Dear Editor:

A number of empirical studies have previously linked disturbances in sleep with suicidal ideation and/or suicide attempts, but not with other forms of self-harm behavior. In this study, we examined relationships between poor sleep and various self-harm behaviors, hypothesizing that individuals with poor sleep would have higher rates of psychological disturbance and, therefore, demonstrate a greater number of different self-harm behaviors.

Participants were men and women, aged 18 years or older, who were being seen in an outpatient internal medicine clinic in a suburb of a mid-sized, mid-Western city. The sample was one of convenience. Exclusion criteria were medical (i.e., severe pain), intellectual, cognitive (e.g., dementia), or psychiatric (e.g., psychotic) impairment that would preclude the successful completion of a survey booklet.

During the study period (January 2009–September 2009), 149 patients were approached; 116 agreed to participate, for a response rate of 78 percent. Only 75 participants completed all study materials; 74.6 percent were women and 25.4 percent men, ranging in age from 18 to 70 years (M=41.6, standard deviation [SD]=13.8). Most participants were white (84%); however, six participants were African American, two Hispanic, and two Native American. All but 6.6 percent had at least graduated from high school whereas 26.6 percent had earned a college degree. One participant did not complete any demographic information.

During assigned clinic times, one of the investigators (Edwards) recruited participants from his clinical caseload as time allowed. Participants were asked to complete a six-page survey booklet; the cover page contained the elements of informed consent, and completion of the survey booklet was assumed to be implied consent. We initially explored demographic information and then assessed subjective sleep quality with the Pittsburgh Sleep Quality Index (PSQI).[1] The PSQI is a 19-item self-report questionnaire that explores subjective sleep quality over the past month. The last item relates to impressions of a bed partner and was deleted for this study, leaving a total of 18 items. The PSQI may be coalesced into one global score; a global PSQI score greater than five is considered to be a sensitive and specific measure of poor sleep quality. We explored self-harm behaviors with the self-harm inventory (SHI), a yes/no self-report measure that explores participants’ lifetime histories of 22 self-harm behaviors.[2] The SHI total score is the summation of “yes” responses. The Institutional Review Boards of both the affiliated community hospital and university approved this project.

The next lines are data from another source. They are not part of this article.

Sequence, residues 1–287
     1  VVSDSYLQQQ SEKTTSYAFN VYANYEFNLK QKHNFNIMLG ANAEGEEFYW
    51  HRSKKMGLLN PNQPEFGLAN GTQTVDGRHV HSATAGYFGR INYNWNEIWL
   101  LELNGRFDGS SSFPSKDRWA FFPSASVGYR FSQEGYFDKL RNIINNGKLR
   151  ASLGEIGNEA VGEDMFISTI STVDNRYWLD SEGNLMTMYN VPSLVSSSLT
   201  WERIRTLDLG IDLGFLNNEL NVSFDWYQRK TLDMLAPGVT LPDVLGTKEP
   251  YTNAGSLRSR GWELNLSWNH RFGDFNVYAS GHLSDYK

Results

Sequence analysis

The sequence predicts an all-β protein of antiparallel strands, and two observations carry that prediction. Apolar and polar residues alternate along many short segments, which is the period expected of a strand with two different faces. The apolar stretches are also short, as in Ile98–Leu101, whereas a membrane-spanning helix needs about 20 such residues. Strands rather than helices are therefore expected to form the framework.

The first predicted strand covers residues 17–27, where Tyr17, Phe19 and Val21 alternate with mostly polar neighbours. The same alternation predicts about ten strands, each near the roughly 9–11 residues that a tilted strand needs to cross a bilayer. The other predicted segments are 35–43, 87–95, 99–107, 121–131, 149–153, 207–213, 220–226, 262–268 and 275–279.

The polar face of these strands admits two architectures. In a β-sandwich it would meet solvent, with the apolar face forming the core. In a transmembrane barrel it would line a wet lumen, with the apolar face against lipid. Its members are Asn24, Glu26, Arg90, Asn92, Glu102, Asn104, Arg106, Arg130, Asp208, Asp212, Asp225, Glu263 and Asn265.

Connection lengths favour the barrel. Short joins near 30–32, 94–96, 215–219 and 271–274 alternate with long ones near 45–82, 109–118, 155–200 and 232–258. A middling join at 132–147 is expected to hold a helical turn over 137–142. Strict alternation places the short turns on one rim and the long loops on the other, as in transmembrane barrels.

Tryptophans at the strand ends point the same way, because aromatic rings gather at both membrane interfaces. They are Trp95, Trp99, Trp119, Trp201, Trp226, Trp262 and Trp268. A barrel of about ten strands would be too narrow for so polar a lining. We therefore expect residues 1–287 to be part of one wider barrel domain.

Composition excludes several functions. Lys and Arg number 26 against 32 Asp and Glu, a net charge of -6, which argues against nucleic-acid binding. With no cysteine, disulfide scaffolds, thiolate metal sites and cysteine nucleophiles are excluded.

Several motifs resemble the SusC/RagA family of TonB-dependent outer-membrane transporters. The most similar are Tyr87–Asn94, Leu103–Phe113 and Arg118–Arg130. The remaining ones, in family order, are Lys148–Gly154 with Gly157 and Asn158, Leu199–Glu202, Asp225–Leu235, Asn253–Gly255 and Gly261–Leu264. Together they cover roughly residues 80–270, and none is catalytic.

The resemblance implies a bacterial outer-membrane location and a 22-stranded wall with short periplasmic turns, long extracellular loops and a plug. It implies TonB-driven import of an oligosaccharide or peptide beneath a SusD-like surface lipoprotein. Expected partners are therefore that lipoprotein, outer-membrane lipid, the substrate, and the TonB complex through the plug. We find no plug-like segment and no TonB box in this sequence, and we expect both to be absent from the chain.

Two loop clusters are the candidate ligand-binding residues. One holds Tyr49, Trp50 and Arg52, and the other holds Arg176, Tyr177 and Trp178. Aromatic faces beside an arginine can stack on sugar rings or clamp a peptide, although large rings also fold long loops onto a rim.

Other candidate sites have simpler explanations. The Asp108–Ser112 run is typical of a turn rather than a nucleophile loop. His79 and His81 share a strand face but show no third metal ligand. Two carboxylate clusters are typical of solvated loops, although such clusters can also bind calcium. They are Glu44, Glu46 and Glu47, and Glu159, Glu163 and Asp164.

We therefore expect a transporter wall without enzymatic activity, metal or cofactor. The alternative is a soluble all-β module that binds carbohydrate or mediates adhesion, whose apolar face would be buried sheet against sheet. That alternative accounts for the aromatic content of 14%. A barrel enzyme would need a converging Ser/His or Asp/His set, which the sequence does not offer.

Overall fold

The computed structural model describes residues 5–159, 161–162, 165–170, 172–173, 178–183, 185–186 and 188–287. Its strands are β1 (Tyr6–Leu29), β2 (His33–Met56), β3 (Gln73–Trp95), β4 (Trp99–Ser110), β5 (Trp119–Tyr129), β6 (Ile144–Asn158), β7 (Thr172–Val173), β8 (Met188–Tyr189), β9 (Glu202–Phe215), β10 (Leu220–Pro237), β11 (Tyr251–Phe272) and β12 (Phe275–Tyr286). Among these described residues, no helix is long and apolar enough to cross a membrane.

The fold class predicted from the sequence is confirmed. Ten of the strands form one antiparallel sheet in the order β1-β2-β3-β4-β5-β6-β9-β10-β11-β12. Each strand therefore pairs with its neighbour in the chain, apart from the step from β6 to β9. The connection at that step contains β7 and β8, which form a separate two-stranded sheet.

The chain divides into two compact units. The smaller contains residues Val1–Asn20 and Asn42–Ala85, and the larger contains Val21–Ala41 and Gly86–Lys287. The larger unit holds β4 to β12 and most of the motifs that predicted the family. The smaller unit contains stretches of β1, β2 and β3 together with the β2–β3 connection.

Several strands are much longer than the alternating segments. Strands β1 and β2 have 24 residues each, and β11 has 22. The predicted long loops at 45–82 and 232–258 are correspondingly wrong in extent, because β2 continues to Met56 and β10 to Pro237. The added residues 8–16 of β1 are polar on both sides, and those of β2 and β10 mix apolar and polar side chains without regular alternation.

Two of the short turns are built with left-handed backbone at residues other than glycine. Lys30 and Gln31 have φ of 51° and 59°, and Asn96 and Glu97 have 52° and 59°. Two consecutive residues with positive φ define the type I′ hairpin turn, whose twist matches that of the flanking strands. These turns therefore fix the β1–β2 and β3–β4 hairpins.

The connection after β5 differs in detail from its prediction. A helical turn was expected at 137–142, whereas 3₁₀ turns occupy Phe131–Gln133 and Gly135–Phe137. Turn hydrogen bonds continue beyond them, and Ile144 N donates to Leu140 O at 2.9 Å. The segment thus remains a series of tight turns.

Relationships between the SHI total score and individual SHI items, and the global PSQI score, are shown in Table 1.

There were no statistically significant differences in SHI total scores between poor sleepers and the remainder of the participants, which did not support our hypothesis. However, in correlational analyses, head banging (p<0.01) and suicide attempts (p<0.05) were statistically significantly associated with the global PSQI score, and in chi-square analyses, alcohol abuse (X2=3.970; p<0.05), distancing oneself from God as punishment (X2=4.966; p<0.05), and suicide attempts (X2=5.336; p<0.05) were statistically significantly associated with the global PSQI score (i.e., participants endorsing poor sleep quality evidenced a greater frequency of these specific self-harm behaviors). Thus, our findings indicate that among outpatients in a primary care clinic, poor sleepers do not have a significantly greater number of different self-harm behaviors than normal sleepers, but poor sleepers do have a significantly higher rate of specific self-harm behaviors (i.e., suicide attempts, head banging, alcohol abuse, and distancing oneself from God). This study has a number of potential limitations including the self-report nature of the data; small sample size; presence of incomplete data from a number of participants, who were excluded from analyses; and lack of assessment of potential psychiatric mediating variables (e.g., depression, anxiety, personality disorders). However, this is the first study to explore self-harm behaviors, beyond suicide attempts, in those with poor sleep quality. Only further research will clarify these potentially complex relationships. References
1. Buysse DJ, Reynolds CF III, Monk TH, et al. The Pittsburgh Sleep Quality Index: a new instrument for psychiatric practice and research. Psychiatry Res. 1989;28:193–213.
2. Sansone RA, Wiederman MW, Sansone LA. The self-harm inventory (SHI): development of a scale for identifying self-destructive behavior and borderline personality. J Clin Psychol. 1998;54:973–983.

With regards,
Randy A. Sansone, MD; Howard C. Edwards, MD; and Jeremy S. Forbis, PhD
Dr. Sansone is a Professor in the Departments of Psychiatry and Internal Medicine at Wright State University School of Medicine in Dayton, Ohio, and Director of Psychiatry Education at Kettering Medical Center in Kettering, Ohio. Dr. Edwards is a resident in the Department of Internal Medicine at Kettering Medical Center in Kettering, Ohio. Dr. Forbis is an Assistant Professor in the Department of Sociology at the University of Dayton in Dayton, Ohio.